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How Are Chatbots Being Used in Government Agencies?

A University at Albany research team conducted a study on how 22 state government agencies are harnessing chatbot technology, uncovering valuable insights into the challenges faced and lessons learned.

Closeup of a live chat with a chatbot that has just been opened on a smartphone. The first message from the bot reads, "Hi! How can I help you?"
Shutterstock/Tero Vesalainen
Researchers at the University at Albany’s Center for Technology in Government and University College London have been working to uncover exactly how governments are using AI-enabled chatbots and the type of data they are using to do so.

Dr. Mila Gasco Hernandez, research director for the center, and Tzuhao Chen, a Ph.D. student at UAlbany, co-authored a study titled, The Adoption and Implementation of Artificial Intelligence Chatbots in Public Organizations: Evidence from U.S. State Governments. The study is based on 22 interviews with local and state governments across the U.S. and explores the various use cases and the implementation challenges facing agencies.

“In the timeframe our chatbot study began, there was a lot of discussion going on regarding the use of AI in governments and its potential impacts on both organizations and society,” Chen shared. “We found that most of the discussion remained at the conceptual level, and we wanted to explore more about the real use cases in the U.S.”

The research team uncovered various facets that characterize the overall implementation of government chatbots throughout the country. Chen explained that most deployments centered on providing information, like how to file unemployment insurance claims or education services.

“We didn’t find many cases where chatbots are used for service application, so we believe that area is still developing,” Chen added.

One initial hurdle in the implementation process was identifying what data an agency needed for chatbot tools and the methods to acquire that data. Chen said that the agencies they spoke to had to undergo an in-depth analysis to pinpoint what type of questions to include in the AI-driven chatbot software.

“In some situations, we found that agencies had to work with their colleagues at the call center to discover what the top 10 questions they received were in order to accurately identify which pieces of information to build into the chatbot,” Chen said.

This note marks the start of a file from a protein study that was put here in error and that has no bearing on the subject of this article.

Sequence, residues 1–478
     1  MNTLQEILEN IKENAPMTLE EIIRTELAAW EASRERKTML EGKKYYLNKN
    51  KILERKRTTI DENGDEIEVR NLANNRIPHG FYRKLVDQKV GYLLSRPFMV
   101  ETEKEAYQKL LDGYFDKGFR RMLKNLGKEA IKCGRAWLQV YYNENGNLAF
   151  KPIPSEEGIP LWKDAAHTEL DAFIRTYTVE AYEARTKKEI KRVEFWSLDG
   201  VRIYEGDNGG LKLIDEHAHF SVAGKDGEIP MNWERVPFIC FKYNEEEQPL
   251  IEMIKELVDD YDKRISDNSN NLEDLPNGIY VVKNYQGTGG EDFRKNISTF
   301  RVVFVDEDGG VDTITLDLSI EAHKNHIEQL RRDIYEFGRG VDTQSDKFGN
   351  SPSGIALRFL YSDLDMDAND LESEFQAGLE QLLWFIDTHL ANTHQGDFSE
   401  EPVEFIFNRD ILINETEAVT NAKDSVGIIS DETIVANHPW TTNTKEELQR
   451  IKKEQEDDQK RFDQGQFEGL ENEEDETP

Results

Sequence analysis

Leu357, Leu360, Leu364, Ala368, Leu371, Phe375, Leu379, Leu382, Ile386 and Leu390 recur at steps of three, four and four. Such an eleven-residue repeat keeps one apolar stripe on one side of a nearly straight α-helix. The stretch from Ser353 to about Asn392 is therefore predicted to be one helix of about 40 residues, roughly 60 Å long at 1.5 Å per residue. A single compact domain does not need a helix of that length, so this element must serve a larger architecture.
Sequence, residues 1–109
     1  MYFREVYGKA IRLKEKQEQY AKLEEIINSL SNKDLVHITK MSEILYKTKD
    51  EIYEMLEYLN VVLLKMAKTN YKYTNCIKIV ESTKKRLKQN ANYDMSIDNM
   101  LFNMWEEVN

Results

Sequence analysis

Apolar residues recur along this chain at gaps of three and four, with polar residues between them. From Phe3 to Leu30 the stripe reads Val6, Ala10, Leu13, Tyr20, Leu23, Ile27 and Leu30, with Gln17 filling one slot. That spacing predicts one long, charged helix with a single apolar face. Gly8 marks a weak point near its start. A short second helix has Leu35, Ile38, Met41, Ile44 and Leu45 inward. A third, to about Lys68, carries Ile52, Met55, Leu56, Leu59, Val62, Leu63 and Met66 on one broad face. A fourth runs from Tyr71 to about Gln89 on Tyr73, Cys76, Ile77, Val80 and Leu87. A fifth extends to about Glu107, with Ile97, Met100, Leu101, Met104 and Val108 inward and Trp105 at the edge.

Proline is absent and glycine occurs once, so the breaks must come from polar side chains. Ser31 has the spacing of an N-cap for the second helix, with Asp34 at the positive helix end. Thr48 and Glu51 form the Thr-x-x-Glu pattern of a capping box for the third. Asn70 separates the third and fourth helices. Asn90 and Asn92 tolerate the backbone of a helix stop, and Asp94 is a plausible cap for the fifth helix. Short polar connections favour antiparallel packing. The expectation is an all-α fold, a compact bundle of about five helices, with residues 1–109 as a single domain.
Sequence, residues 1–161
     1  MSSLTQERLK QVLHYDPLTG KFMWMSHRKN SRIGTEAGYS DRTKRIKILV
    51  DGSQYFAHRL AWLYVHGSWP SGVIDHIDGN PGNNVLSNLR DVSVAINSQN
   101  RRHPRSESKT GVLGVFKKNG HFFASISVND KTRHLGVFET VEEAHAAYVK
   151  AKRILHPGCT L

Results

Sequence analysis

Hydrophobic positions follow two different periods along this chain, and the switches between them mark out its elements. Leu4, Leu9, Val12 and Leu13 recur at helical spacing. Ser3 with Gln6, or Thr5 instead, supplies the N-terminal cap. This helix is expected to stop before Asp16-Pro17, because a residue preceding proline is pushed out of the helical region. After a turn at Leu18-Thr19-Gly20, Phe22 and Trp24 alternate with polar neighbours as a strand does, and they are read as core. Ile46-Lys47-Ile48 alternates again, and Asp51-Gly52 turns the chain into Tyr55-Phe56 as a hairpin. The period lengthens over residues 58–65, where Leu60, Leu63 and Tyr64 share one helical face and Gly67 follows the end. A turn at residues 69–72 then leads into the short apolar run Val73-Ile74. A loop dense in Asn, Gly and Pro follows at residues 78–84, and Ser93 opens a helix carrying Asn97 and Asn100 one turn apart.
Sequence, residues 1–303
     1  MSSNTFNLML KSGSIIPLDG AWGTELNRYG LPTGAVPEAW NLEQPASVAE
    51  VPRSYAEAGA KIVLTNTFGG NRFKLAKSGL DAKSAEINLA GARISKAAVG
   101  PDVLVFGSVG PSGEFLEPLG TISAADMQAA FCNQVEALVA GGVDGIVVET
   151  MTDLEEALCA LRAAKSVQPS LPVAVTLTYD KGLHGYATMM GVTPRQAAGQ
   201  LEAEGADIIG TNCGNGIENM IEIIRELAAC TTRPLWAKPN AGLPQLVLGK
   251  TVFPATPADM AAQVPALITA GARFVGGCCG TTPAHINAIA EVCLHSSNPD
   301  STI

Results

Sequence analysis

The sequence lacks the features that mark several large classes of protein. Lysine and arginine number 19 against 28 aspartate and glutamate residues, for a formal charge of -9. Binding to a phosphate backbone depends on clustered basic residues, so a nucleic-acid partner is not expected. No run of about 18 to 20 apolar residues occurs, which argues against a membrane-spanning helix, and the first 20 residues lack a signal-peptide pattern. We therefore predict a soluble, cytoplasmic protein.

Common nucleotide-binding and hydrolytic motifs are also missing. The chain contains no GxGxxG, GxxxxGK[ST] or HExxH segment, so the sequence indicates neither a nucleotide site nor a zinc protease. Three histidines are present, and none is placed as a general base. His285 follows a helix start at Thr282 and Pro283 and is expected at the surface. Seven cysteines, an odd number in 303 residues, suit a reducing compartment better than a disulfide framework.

Another set of challenges uncovered during the study had to do with human and financial resources — or lack thereof. Gasco Hernandez noted that many of the chatbot systems were created through third parties, which can add complexity to the management process.

“The fact that many chatbots and AI-based systems are contracted out is also a challenge because then we are talking about potentially missing those public values that are so important when delivering any kind of public services,” Gasco Hernandez said.

She noted that IT vendors must take responsibility for creating the database and continuous content enhancement for the chatbots in order for the process to work.

“It is like a dance where you are constantly engaging with a partner, and you have to be in step collectively — in unison — for the tools to perform well and address questions properly.”

During the study, the researchers also got the opportunity to engage with public employees and public managers who helped implement the chatbots, where they encountered some surprising takeaways — namely a lack of agreement on overall impact and level of acceptance of the technology.

“Some interviewees shared that because the chatbot addressed many information demands, they could use their time doing something else. On the other side of the issue, interviewees shared that because they had to consistently check to verify if the chatbot was distributing the correct information, it increased their workload, and they weren't happy,” Gasco Hernandez said.

Given the mixed feedback, the researchers explained it’s important to understand that chatbot implementation is not a one-time thing but a continual process. Agencies and their partners need to continually maintain the content of the chatbots as well as the infrastructure, and support from upper management is make or break for successful execution.

It’s also important to embody the three P’s — plan, performance and partnerships — when implementing any AI-based system. Each will be vital as agencies deploy chatbots across government and to any potential impact they might have on public engagement and service delivery.

As those discussions surrounding the evolution of AI-based tools continue to unfold, the UAlbany team predicts that companies will stick to the basics in some form or another when programming chatbots to mitigate legal complications.

“I think generative AI won’t replace the current use of the retrieval-based chatbots because the organizations want to prioritize consistency in terms of the answers and responses the chatbots relay to the public to mitigate legal risks,” Chen said.

He believes the key to successful implementation and getting maximum value from generative AI lies in “leveraging it for analyzing trends in information demands to continually enhance knowledge bases, creating a more conversational and human-like interaction with chatbots.”
Ashley Silver is a staff writer for Government Technology. She holds an undergraduate degree in journalism from the University of Montevallo and a graduate degree in public relations from Kent State University. Silver is also a published author with a wide range of experience in editing, communications and public relations.